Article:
The Mental Health Minute

Articles and news about mental health issues

Teacher’s stabbing ‘a wake-up call’ on coordinating mental care

There seems to be a growing consensus that the public have a right to know about offenders who are released into the general population–whether sex offenders, aggravated offenders, or juvenile offenders.  It seems that we, as a people, feel that we are entitled to know when a person who is potentially dangerous by history is plopped into our world.

On one hand, I can see the point.  I would want to know if a sex offender moved in next door to my daughter.  Who wouldn’t?  I would want to know if a child that has a rap sheet for aggravated assault and bodily injury is placed in my grandson’s home room.  To me that would be necessary.

On the other hand, I feel that these offenders still have some rights.  Where do we draw the line?  I honestly don’t know, but with all the privacy laws out now and with all the litigation going on, how does an innocent person protect themselves and their family from dangerous predators?

What do you think about this?


12:00 AM CDT on Sunday, May 30, 2010

By LEE HANCOCK / The Dallas Morning News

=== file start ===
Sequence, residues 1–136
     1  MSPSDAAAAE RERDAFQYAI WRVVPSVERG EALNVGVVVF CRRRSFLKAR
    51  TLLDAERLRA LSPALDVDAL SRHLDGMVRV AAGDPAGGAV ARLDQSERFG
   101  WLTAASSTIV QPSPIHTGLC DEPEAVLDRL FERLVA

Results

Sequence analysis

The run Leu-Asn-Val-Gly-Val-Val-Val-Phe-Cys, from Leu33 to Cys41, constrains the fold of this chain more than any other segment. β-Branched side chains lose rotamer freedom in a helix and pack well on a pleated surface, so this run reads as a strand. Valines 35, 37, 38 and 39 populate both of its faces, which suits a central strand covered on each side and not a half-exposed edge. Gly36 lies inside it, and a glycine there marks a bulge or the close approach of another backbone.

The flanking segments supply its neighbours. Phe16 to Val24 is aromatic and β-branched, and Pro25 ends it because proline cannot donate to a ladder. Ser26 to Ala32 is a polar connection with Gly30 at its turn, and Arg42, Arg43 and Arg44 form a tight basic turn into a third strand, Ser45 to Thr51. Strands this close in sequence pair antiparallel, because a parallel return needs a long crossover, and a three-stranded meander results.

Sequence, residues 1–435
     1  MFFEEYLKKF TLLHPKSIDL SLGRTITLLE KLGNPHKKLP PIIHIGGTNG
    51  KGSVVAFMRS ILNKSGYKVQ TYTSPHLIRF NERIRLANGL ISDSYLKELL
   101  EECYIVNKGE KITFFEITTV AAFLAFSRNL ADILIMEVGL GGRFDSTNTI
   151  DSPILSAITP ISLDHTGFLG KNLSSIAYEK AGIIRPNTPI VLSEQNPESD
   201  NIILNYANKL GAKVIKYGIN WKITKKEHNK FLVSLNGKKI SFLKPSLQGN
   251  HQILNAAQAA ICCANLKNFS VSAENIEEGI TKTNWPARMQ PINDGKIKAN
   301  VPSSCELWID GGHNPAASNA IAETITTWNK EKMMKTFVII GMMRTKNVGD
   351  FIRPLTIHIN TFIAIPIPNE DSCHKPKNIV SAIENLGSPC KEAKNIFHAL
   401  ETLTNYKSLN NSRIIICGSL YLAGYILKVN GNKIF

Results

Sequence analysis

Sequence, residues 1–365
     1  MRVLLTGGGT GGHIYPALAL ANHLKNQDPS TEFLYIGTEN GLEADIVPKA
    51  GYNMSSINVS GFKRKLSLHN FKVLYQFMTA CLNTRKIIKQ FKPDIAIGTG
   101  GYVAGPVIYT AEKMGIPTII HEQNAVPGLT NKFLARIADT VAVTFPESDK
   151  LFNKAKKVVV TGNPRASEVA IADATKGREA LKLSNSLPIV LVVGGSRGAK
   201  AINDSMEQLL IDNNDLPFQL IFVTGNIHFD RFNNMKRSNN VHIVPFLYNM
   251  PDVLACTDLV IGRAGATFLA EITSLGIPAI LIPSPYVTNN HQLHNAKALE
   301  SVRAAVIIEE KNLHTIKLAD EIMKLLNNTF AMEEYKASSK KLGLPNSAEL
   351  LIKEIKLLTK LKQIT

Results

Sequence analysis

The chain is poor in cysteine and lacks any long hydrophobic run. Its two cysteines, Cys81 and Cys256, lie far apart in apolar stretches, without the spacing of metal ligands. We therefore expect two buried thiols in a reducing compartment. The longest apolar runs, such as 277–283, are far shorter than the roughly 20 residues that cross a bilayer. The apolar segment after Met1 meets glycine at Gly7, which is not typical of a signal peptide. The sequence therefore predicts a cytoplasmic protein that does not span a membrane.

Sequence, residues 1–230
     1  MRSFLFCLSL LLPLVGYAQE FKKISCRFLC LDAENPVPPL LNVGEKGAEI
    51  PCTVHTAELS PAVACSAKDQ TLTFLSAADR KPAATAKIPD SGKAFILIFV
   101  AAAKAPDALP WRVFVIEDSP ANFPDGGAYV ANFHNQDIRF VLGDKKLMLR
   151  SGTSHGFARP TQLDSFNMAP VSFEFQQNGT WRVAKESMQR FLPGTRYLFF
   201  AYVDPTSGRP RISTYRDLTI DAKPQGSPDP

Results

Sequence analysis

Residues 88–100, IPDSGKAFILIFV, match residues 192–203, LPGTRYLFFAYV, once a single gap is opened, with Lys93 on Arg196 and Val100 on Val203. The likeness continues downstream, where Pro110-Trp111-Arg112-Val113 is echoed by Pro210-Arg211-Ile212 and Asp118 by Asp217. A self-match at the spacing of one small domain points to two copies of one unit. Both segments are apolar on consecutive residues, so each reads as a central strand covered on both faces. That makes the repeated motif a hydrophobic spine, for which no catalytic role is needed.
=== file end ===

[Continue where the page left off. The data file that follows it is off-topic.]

Todd Henry’s slaying by a disturbed teen spotlights gaps between agencies that care for, educate and incarcerate mentally ill youth.

“It’s a wake-up call,” said Fred Cohen, an Arizona lawyer who is a federal court-appointed special master for Ohio’s juvenile prisons.

But the issues that the case raises aren’t unique to Texas. As mental health funding has steadily dropped, juvenile prison systems nationwide have been sent more seriously disturbed youth – offenders they’re not designed to handle.

Experts say the Tyler case highlights the need for:

• An interdisciplinary approach to treating kids and families from first contact with welfare, criminal justice or educational agencies.

In Dallas County, kids with behavioral issues in school are referred to a case review committee that includes mental health and juvenile probation staff. In the justice system, offenders can be routed to diversion courts and intensive community programs that include regular home visits.

A new Bexar County pilot program screens all San Antonio-area kids seen by Child Protective Services for mental health and medical needs. Kids flagged are referred for intensive, interagency care coordination and treatment – all considered key to keeping abused and neglected children from becoming juvenile offenders.

• Assurance that Texas Youth Commission offenders released on mental health discharges are overseen by an interdisciplinary team that includes family members.

South Carolina offers one model, said Jodie Smith, public policy director of Texans Care for Children. An interdisciplinary team makes an assessment within 30 days after any offender in the juvenile  […more…]

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June 9, 2010 - Posted by | Mental Health | , , , , , ,

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